Feast day: October 11
Pope Saint John XXIII was born Angelo Giuseppe Roncalli in Italy. Later he became known as “Good Pope John.” During his lifetime, the world experienced two world wars, the rise of communism, and the Holocaust.
In the Church, there was fear of the modern world. Yet John XXIII embraced the world and called it “his parish.” When he became Pope at almost 77 years old, many thought he would be a transitional leader, making little change in the Church. Yet, in his five-year papacy, he revolutionized it.
In 1962, he gathered all the bishops of the world in Rome. He also invited religious leaders, scholars, women, and even the news media. This gathering began four sessions called the Second Vatican Council. He wanted the Church to read the signs of the times and work for unity and peace within herself and with the entire modern world.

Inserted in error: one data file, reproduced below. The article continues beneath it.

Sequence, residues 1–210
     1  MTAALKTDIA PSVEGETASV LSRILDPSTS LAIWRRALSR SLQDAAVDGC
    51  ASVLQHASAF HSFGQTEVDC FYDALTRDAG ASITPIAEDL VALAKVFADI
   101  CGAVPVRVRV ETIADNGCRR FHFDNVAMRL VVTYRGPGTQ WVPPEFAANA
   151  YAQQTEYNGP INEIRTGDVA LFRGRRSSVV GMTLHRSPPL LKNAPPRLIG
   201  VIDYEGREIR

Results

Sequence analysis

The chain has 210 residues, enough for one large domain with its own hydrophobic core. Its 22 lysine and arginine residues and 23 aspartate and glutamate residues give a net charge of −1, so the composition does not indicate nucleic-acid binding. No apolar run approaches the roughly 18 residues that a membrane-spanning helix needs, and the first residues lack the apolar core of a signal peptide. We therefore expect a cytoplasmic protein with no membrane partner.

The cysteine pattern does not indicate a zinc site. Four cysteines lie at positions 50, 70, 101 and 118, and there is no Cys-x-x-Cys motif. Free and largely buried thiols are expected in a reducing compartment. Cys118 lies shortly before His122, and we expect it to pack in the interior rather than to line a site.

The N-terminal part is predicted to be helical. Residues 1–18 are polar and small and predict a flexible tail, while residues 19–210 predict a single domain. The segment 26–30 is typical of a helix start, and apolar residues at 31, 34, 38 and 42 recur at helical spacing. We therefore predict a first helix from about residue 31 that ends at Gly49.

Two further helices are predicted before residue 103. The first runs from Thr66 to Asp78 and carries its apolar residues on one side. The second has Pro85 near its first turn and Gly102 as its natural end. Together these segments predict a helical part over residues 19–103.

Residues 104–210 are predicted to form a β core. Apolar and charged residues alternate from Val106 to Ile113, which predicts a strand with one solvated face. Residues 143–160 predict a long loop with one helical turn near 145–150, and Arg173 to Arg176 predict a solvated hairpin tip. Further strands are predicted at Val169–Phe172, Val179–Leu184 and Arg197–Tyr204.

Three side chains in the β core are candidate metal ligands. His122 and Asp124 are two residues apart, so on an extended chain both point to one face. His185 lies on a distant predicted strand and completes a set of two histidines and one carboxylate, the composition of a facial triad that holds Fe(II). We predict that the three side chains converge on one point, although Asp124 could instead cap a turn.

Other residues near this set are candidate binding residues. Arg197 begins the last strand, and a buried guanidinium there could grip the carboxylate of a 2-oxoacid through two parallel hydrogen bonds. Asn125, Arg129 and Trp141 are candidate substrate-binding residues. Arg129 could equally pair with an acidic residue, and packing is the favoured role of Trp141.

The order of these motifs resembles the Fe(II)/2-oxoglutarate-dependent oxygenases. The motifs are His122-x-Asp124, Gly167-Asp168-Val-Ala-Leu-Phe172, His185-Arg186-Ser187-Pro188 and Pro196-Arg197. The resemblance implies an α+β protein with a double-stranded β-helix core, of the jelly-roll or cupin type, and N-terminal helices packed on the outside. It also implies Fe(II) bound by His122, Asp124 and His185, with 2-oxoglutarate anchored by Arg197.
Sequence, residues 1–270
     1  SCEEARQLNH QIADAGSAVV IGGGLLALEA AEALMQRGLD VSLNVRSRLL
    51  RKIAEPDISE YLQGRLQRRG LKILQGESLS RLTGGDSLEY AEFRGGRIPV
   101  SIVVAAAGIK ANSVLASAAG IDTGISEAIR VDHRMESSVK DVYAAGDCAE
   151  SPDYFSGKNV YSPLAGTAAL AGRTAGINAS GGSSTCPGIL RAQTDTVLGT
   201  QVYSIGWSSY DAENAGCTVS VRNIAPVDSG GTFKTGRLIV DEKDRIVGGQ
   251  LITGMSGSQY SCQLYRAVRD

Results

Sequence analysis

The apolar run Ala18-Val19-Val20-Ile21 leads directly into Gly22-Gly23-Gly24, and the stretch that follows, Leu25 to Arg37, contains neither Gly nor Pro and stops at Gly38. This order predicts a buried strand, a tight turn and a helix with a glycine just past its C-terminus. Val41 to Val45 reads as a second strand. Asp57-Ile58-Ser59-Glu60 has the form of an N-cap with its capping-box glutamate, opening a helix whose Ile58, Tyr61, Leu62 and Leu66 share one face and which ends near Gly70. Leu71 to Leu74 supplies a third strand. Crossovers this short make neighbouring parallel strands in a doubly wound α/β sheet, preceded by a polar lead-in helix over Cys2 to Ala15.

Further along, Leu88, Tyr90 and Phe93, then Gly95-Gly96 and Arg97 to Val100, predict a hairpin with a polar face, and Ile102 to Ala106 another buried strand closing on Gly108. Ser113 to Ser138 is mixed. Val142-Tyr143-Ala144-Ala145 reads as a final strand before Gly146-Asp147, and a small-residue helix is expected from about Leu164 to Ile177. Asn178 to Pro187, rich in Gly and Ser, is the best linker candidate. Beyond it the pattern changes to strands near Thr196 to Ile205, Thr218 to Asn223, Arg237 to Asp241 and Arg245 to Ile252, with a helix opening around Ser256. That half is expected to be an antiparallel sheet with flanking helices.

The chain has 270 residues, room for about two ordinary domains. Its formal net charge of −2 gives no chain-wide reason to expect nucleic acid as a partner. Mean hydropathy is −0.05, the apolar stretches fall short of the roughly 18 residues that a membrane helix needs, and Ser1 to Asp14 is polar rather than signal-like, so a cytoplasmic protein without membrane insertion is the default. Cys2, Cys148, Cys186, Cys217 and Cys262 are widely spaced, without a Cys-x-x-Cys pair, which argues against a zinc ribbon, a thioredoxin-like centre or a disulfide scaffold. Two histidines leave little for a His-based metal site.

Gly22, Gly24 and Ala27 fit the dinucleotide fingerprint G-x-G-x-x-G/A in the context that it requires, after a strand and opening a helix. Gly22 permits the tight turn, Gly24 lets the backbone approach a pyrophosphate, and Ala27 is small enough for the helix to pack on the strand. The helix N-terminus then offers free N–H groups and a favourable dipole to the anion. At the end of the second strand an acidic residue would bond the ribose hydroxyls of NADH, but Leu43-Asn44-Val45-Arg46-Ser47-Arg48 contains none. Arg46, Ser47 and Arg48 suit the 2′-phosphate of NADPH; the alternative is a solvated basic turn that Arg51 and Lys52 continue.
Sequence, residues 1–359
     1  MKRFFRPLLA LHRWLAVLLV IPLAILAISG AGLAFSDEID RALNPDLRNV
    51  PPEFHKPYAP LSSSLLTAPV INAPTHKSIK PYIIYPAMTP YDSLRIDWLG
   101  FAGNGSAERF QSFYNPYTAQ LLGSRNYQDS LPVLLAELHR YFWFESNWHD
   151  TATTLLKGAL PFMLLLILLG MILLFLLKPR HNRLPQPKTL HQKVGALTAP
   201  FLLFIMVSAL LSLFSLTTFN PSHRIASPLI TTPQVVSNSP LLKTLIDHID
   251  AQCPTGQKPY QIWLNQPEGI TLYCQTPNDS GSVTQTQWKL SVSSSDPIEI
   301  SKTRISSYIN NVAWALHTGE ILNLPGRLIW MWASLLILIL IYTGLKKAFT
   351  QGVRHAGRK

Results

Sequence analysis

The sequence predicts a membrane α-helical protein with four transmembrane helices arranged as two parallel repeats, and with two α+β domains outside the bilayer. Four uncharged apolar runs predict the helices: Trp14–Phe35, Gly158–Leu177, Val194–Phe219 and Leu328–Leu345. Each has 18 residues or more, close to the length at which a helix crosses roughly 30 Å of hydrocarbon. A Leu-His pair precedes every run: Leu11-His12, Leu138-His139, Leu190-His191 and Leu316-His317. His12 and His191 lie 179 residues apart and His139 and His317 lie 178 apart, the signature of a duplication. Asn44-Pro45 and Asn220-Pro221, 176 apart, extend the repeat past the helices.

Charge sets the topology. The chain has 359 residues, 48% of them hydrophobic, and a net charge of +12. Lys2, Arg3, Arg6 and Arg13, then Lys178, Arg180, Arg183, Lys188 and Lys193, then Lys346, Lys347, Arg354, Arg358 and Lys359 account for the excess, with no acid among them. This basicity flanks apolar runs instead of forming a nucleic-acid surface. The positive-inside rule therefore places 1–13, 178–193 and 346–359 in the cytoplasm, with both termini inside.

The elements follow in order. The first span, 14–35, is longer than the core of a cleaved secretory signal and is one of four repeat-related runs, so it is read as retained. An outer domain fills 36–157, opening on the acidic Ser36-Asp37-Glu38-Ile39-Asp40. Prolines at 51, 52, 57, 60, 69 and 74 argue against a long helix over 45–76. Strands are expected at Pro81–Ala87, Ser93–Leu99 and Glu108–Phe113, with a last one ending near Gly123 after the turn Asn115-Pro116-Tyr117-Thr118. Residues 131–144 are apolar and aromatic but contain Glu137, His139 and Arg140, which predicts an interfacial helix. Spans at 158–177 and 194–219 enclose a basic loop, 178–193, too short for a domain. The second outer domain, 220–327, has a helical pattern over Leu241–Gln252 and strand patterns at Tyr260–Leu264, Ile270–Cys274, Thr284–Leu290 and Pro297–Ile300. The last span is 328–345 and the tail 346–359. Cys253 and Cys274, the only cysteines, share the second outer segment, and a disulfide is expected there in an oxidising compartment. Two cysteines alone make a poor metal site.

He died after the first session. Yet what he began changed the way the Church prayed. It changed how it understood itself and the world. John XXIII paved the way for John Paul II, the ultimate “media pope,” by being the first to welcome TV crews to the Vatican.
He let the world see for the first time how the Church worked. Like John Paul II, he also had a sense of humor. When asked how many people worked in the Vatican, he said, “About half.” John XXIII was beatified in 2000 and canonized in 2014.
We celebrate his feast day on October 11, the day the Second Vatican Council began. (From The Catholic Connections Handbook for Middle Schoolers [Saint Mary’s Press])
(Image © Vicki Shuck/Saint Mary's Press)